Friday, January 29, 2010

A Read Letter Day For Dickens

Mr. Charles Dickens's Last Reading.
(George C. Leighton for The Illustrated London News, Vol.56, 1870.)

Of the greatest writer of the Elizabethan age, William Shakespeare, so little is known that many doubt him to be the true author of his incomparable plays. At the other end of the biographical spectrum is the greatest writer of the Victorian age, Charles Dickens. As British writer Simon Callow put it: "Of Shakespeare, we know next to nothing; of Dickens we know next to everything." The Huntington Library in San Marino, CA. added a little more to that knowledge on January 27, 2010 when they announced the acquisition of 35 letters written by Dickens, 27 of which have never been published.

The Huntington already had roughly 1,000 Dickens letters in its collection, which is about 1/15 of the writer's surviving correspondence. Yes, you read that right: approximately 15,000 letters written by Charles Dickens are known to survive today. And as astonishingly large as that number is, it pales in comparison to what he actually wrote. In 1860 Dickens made a bonfire out of a large portion of his correspondence, sparing only letters which were strictly business. His mistress, Ellen Ternan, did the same with the love letters Dickens sent to her. And all of the letters he wrote to his daughter Kate were also lost to fire in 1873.

The most comprehensive published collection of Dickens letters is a massive 12 volumes of at least 600 pages each. Which begs the question, how did he find the time to write 14 complete novels and half of a 15th, 5 Christmas-themed novellas, 4 collections of short stories, 5 non-fiction works, a collection of plays, and innumerable poems, speeches, articles, and short stories for magazines? (And, in case you're wondering, he died at age 58!)

Dickens In A (Very) Rare Moment of Repose.
(Sketch by Alfred Bryan for the 1893 Entr'acte Annual.)

Charles Dickens seems to have been a true human dynamo. He routinely walked 10 to 15 miles a day, and enjoyed a dizzying social life including dancing, horseback riding, putting on magic shows, and throwing lavish parties. Somehow he found the time to marry, father ten children, and take on at least one mistress. On top of all that, he managed the editing and publishing of journals, and mounted numerous public crusades for social justice. He traveled widely in Europe and the Americas, and performed countless public readings from his works. As Dickens biographer Edgar Johnson said: "It was more than a reading; it was an extraordinary exhibition of acting ...without a single prop or bit of costume, by changes of voice, by gesture, by vocal expression, Dickens peopled his stage with a throng of characters." By the end of one American reading tour Dickens was too exhausted to eat, and was living on raw eggs, champagne and sherry.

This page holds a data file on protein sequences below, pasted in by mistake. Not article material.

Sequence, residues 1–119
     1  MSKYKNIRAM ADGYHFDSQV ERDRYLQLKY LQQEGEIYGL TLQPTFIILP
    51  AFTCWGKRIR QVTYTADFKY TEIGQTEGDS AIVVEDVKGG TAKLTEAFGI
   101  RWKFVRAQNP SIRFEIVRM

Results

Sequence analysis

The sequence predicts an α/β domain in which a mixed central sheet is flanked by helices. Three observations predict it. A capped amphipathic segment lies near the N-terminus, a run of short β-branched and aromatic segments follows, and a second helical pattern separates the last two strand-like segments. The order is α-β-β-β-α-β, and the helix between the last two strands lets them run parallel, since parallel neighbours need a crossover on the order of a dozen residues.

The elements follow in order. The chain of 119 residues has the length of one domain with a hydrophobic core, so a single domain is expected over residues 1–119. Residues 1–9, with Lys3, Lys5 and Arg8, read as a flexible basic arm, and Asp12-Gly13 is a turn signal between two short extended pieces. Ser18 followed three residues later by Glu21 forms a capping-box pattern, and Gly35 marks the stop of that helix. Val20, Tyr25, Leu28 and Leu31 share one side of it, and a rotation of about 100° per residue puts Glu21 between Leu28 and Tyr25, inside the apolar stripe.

Despite all of the demands on his time, Dickens never let his writing take a backseat. He told a friend nothing could stop his "invincible determination to work, and...profound conviction that nothing of worth is done without work." He even went so far as to credit hard work over talent in accounting for his success: "My own invention or imagination, such as it is . . . would never have served me as it has but for the habit of commonplace, humble, patient, daily, toiling, drudging attention." Dickens's unique combination of incredible energy and dogged determination somehow combined to create an astoundingly prolific and accomplished body of work.

An 1853 Daguerreotype Of A Decidedly Weary Dickens.
(John Jabez Edwin Mayall.)

The Huntington Library's latest piece of the monumental output of Charles Dickens will eventually go on display in their main exhibition hall, according to Sara S. "Sue" Hodson, curator of manuscripts. Hodson herself is "not a huge fan" of Dickens, finding "some of his characters...a little cardboard." Perhaps she should forgive the man a few less-than-well-rounded creations considering his inexhaustible productivity. According to John R. Greenfield, in his Dictionary of British Literary Characters, Dickens created 989 named characters during his career.

Charles Dickens finally worked himself to death, insisting on giving yet another public reading at a Royal Academy banquet attended by the Prince and Princess of Wales. This despite having collapsed and suffered a stroke at a similar event the previous year. He died in June of 1870, less than a month after taking that final bow. Perhaps he knew he'd eventually burn himself out, in one of those 15,000+ letters he told a friend: "As to repose, for some men there's no such thing in this life."

1 comment:

  1. A very interesting commentary on Dickens.


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